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Circuit NoteBook

Interesting circuit ideas which we have checked but not built and tested. Contributions from readers are welcome and will be paid for at standard rates.

PIC-controlled SLA battery capacity meter

Sealed lead acid (SLA) batteries are ideal for wide variety of applications and they are maintenance-free. With correct charging and use, they can last for many years on standby and hundreds of discharge cycles.

However, if they are deeply discharged, over-charged or left discharged, their life can be greatly reduced. And even with proper care, all SLA batteries eventually need replacing but how do you work out when? You could try a number of load cycles to estimate the battery’s capacity but unless this is carefully controlled, you can very easily end up with a completely discharged battery which will never recover.

The solution is this battery capacity meter built around a PIC16-F877A microcontroller. The circuit monitors the battery under test and terminates the discharge at a user-defined voltage. It also computes the battery capacity in amp-hours (Ah) as it goes. It allows the discharge rate to be varied between 0.25A and 2A to cater for different battery sizes. Even when the battery voltage drops to a level where it cannot deliver the set current into the load, the circuit constantly monitors the current so it can correctly calculate the battery capacity.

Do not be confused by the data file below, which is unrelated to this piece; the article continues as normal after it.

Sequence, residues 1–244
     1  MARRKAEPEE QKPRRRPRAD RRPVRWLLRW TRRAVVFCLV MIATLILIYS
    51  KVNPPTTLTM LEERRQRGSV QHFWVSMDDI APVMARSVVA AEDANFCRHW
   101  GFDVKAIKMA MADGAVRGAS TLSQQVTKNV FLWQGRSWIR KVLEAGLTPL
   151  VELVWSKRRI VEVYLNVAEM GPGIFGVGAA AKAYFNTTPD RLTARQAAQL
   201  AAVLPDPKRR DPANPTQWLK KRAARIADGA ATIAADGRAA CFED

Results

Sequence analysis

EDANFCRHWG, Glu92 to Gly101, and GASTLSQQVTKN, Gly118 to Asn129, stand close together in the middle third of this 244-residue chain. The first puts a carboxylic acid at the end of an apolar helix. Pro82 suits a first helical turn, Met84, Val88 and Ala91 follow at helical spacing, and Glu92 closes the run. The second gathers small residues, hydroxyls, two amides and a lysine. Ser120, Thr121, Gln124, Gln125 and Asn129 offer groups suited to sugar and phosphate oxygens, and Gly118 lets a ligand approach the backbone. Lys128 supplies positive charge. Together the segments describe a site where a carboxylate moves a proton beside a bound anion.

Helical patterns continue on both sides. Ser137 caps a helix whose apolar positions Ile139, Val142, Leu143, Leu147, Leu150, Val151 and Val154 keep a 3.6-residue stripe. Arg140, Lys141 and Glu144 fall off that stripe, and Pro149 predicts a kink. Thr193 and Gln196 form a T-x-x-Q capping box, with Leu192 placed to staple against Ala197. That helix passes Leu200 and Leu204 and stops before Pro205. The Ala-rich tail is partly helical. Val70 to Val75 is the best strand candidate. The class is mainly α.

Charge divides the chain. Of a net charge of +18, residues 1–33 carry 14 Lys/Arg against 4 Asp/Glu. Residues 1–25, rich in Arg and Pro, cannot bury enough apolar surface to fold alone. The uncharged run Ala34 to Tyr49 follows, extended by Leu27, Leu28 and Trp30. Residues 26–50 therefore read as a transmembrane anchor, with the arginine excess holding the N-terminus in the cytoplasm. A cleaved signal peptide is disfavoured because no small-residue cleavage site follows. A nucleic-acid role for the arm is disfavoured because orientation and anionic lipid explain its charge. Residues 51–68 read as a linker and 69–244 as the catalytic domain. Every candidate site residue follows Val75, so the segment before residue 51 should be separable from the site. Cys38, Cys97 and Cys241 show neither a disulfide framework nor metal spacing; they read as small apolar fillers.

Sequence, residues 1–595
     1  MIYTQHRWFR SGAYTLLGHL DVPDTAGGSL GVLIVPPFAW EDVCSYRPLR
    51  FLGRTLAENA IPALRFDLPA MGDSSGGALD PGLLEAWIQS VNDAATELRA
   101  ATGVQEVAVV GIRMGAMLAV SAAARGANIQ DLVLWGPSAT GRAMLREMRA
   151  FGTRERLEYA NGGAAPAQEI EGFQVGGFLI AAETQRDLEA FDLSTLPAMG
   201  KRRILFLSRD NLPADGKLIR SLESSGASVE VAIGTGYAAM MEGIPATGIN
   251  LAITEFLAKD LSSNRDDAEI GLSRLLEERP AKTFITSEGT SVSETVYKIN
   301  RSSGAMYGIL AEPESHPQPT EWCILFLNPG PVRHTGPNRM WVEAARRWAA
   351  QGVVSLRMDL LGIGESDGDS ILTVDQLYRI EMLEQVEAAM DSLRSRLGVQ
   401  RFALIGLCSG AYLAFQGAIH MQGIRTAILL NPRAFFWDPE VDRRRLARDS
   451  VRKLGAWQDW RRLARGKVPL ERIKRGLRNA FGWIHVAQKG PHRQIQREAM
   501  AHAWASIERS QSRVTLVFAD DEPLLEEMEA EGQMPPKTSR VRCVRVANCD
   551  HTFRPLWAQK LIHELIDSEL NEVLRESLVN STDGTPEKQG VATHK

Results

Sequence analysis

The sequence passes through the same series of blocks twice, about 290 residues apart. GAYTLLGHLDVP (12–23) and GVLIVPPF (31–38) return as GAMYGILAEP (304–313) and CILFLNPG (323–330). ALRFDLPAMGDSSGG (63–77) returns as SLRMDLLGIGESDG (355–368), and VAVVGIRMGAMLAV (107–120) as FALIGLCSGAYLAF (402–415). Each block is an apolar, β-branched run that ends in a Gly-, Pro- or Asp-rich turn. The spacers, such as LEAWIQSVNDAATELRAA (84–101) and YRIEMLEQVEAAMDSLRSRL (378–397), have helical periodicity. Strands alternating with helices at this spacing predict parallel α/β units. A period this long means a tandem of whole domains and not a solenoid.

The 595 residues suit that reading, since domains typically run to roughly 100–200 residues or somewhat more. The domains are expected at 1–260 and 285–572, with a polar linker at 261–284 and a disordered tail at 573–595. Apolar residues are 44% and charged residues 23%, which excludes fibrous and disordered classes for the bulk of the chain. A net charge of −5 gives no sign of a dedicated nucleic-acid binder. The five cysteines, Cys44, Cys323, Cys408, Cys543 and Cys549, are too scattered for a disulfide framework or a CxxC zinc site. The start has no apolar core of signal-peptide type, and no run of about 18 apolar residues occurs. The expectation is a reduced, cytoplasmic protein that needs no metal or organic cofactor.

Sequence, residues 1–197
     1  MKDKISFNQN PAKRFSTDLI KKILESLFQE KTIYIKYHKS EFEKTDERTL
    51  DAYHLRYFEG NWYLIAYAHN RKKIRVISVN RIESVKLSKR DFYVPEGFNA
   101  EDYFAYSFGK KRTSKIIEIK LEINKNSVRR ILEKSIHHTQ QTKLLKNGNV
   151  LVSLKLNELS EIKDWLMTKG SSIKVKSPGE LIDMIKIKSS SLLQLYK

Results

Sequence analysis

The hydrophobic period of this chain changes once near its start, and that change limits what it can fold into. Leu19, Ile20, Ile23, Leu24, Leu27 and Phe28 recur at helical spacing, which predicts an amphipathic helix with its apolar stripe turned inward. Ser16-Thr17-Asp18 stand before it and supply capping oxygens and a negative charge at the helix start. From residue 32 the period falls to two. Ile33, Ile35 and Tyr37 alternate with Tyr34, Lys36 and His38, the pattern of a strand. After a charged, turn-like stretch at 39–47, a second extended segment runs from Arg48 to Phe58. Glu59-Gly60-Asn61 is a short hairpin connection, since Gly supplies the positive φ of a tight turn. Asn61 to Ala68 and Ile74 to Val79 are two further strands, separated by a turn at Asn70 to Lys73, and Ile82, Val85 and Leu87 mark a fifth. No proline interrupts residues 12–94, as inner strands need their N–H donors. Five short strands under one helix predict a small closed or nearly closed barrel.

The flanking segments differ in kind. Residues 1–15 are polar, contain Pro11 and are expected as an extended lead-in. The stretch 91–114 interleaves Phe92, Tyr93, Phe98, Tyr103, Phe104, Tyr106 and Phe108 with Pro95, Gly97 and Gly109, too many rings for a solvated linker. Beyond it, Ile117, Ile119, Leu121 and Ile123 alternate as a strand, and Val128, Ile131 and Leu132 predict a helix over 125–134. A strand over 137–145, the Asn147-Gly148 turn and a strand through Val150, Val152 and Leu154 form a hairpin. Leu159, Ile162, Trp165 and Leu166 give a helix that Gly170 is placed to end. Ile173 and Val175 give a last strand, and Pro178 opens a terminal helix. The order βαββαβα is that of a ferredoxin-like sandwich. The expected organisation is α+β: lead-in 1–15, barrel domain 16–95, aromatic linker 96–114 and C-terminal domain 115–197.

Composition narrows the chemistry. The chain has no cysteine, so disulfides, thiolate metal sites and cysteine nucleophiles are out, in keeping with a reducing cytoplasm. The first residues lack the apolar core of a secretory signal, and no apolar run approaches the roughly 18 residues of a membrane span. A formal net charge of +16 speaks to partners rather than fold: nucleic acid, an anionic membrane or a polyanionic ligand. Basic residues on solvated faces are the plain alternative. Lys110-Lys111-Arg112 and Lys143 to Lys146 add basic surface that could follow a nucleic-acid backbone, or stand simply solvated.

In operation, the PIC measures the battery voltage using the internal ADC at pin 2 via a potential divider. The PIC produces a range of analog control voltages between 0.25V and 2V using a resistor ladder (pins 15-18 & 23-26). The output voltage of this ladder is varied by grounding it at various PIC pins.

The control voltage is fed to the non-inverting input of op amp IC2 which controls power FET Q4. This controls the current flowing through Lamp1. The voltage across Q4’s 1W source resistor is fed to the inverting input of IC2 to provide precise current control. A second ADC at pin 5 measures this voltage and therefore the current.

The PIC keeps track of time using integral interrupts and it drives the LCD panel to show the cumulative battery capacity, the instantaneous current, battery voltage and elapsed time. Once the voltage drops to the threshold value, the discharge is terminated and measurements are displayed. An audible beep indicates the end of test.

The load is one of four different wattage 12V lamps, selected to suit the required discharge current and so minimise the power dissipated in Q4. Settings are stored in the PIC’s EEPROM for subsequent recall. The user is prompted via the LCD interface, with control via two pushbuttons for selecting discharge settings and modes.

The software will be available on the SILICON CHIP website at www.siliconchip.com.au

David Mitchell

Figtree, NSW.

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